There’s a dazzling array of tooth whitening treatments on the market today – toothpastes, whitening strips, even whitening gel to leave on your teeth. But for most people the effects can be a little disappointing and don’t last very long. For long-term results, professional tooth whitening is another option – but what is it, what does it involve, and who can carry it out? We asked top restorative and cosmetic dentist Dr David Bloom, who practises at a number of clinics in central London.
What is professional tooth whitening?
Professional tooth whitening involves a dental care professional using a hydrogen peroxide based product to lighten the colour of your teeth.
Legally, only dentists can prescribe tooth whitening, and only dentists or dental care professionals (acting under the prescription of a dentist) can complete tooth whitening.
The most popular and common form of whitening is to use a custom-made whitening tray to hold the peroxide based gel against the teeth for a few hours or overnight.
Power whitening can be undertaken but with the concentrations of peroxide we are now legally allowed to use this will still involve wearing a custom tray, and it is unlikely to dramatically reduce the time the trays are worn for.
What makes this different from home whitening kits?
The hydrogen peroxide involved in professional tooth whitening is in a much stronger concentration than what is contained in “home” whitening kits.
Whitening tooth pastes will generally help reduce external stain build up but will not lighten teeth. The only possible exception to this is Colgate max white expert white as this does contain 0.1% hydrogen peroxide, but this is nowhere near the strength of the 6% hydrogen peroxide dentists will use.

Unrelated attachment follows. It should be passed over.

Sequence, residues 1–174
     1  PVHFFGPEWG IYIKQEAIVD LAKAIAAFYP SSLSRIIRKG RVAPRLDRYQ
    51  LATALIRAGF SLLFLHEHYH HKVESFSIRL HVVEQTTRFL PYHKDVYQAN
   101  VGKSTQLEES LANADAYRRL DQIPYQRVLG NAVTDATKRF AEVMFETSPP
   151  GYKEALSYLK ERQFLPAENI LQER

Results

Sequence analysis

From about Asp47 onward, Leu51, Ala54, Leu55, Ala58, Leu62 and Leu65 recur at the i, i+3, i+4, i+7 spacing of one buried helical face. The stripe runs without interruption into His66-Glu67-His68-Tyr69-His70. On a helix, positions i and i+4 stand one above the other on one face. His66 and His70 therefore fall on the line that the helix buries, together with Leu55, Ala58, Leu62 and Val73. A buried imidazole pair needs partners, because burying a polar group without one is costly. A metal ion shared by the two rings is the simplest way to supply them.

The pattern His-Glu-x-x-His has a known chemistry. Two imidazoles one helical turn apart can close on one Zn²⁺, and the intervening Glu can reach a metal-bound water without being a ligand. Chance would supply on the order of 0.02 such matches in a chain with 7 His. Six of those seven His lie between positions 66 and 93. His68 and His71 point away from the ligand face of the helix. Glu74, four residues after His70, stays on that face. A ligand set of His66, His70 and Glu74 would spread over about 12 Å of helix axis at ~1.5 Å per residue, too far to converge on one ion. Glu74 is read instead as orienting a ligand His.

Tooth whitening strips are now available from your dentist but will never contact all the tooth surface as intimately as a custom-made tray and so can never be as good.
Is the procedure painful?
It is not unusual to have some degree of sensitivity during the whitening process, but after teeth whitening the teeth should be no more sensitive than before. There are various ways to help manage this sensitivity, ranging from the concentrations and formulation of peroxide gel used to how often and how long the whitening is done, as well as using certain desensitizing agents on the teeth, and even in the use of custom-made trays.
Are there any foods and drinks you should avoid during or after treatment?
We used to say that during treatment one should avoid food and drinks that would stain a white T-shirt. However, I am now happy that as long as these are not eaten or drunk for half an hour after treatment, saliva will have then produced a protective peddicle on the teeth and so this is no longer the case.
Teas, coffees, red wine and smoking will all hasten the discoloration of teeth.
What other ways should I take care of my teeth following treatment?
Tooth whitening will fade over time so you should be prepared to do a night’s whitening every 1-2 months.
Note that pre-existing porcelain restorations will not be made whiter with tooth whitening, and so if restorations have been completed before whitening you should be prepared to redo the restoration as after whitening they will no longer be the same shade as the new whiter teeth. However, as long as you plan on maintaining your tooth whitening treatments over time I am generally happy to match porcelain restorations to whitened teeth and be confident that the colour of the whitened teeth can be maintained.